Outline of exhibition
The Geo-Cosmos is a “globe-like display” made using organic LED panels. Looking at these images of clouds that have been taken from satellites, you are able to observe the everchanging Earth, while still being on our planet.
The Geo-Cosmos -- the world’s first spherical display made using organic electroluminescent (EL) panels -- presents a realistic view of the Earth shining brilliantly in space with a high resolution that exceeds 10 million pixels. The image of clouds floating on the screen reflects data photographed by meteorological satellites and input into the system daily. Thus, visitors see the constantly changing aspects of the Earth while remaining on the ground.
- 1~5F (Discover your Earth)
Highlights and details
Currentry on screening schedule
Geo-Cosmos can be viewed at any time from the first-floor Symbol Zone and the third- and fifth-floor display floors. (The first-floor Symbol Zone can be accessed free of charge.) Normally showing is “The Earth,” which gives you the feel of how our planet looks from outer space. At certain times during the day, the following programs will be screened.
The images of clouds that have been taken from satellites over the past 90 days are put together as an eight-minute, 24-second video. Data from multiple satellites in geosynchronous (over the equator) and polar (connecting the North and South Poles) orbit are put together to show the cloud formations on the entire world. Every morning at 5:00 am, all the data from the previous 30 hours are combined to renew the video. You will be able to see the everchanging live Earth while you are in the Miraikan.
Apollo11 “The Eagle has landed.”
14:00 (Approximately 3 minutes)
This video portrays the Moon landing by Apollo 11, together with the lunar view recreated from the latest observation data. The story goes back half a century to take you through the final minutes up to the all-important landing of the Eagle, the Apollo 11 lunar module, complete with the voice recording of the communication with the mission control center. The visuals of the Moon have been recreated for this video from the lunar surface data from laser altimeters mounted on two satellites in orbit around the Moon, JAXA’s Kaguya and NASA’s Lunar Reconnaissance Orbiter. It depicts the Moon’s unique contours in meticulous detail.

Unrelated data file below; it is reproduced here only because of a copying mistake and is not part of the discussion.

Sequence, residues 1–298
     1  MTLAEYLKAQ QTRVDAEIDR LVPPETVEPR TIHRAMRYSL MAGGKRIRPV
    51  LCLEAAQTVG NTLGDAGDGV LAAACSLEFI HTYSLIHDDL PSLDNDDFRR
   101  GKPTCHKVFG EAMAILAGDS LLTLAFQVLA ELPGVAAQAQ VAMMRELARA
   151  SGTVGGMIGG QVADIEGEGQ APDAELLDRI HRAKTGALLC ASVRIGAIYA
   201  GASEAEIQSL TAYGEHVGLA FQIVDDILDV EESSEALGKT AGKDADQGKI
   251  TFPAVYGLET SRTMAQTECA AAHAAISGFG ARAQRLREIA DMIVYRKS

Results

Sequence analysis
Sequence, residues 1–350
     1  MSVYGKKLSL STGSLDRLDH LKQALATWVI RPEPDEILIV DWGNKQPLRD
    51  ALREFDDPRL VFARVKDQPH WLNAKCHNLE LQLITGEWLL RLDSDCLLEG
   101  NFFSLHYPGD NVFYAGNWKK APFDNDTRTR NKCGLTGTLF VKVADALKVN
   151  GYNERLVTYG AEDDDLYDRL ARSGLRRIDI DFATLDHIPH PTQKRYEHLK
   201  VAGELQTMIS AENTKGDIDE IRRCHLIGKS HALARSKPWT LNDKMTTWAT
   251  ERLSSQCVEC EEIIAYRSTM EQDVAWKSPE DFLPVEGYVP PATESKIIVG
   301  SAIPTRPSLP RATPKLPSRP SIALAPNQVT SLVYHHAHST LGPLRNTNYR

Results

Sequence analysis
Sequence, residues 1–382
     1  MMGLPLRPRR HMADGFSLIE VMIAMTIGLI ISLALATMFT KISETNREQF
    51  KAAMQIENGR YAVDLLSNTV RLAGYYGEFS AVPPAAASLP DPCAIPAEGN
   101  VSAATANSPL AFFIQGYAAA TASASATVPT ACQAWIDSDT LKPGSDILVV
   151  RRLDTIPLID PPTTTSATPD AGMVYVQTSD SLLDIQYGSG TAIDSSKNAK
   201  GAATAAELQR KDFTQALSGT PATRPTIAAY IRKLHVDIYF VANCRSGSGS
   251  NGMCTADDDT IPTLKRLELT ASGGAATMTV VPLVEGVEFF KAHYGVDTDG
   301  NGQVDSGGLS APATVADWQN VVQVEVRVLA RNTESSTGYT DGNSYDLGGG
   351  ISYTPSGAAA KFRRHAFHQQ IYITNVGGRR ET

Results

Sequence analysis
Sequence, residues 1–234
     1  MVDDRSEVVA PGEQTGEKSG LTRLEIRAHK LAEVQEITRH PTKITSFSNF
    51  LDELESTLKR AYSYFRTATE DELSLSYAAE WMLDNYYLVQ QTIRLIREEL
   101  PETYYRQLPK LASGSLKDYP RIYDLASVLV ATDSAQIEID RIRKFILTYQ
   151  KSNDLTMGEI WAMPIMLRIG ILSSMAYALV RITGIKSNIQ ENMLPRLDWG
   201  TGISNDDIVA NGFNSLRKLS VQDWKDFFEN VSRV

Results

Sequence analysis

Digging the Future
11:00 / 13:00 / 15:00 (Approximately 4 minutes)
This video takes us from the creation of the Earth to the present, telling us through rap music what humans leave behind on the geological history our planet. It is possible that the plastic and concrete that humans continue to produce will remain to form a geological layer in the Earth’s distant future. Designating this hypothetical manmade stratum as the Anthropocene epoch, scientists who study the history of our plant through rocks, scientists who do so through evolution, and artists collaborated to create this video. * This video “Digging the Future” was produced with support from Aramco Asia Japan K.K., the Japanese subsidiary of the Saudi Arabian Oil Company (Armco), the Saudi Arabian national petroleum and natural gas company.
This project involves collecting scientific information about the Earth, and presenting and communicating the information in a visual manner.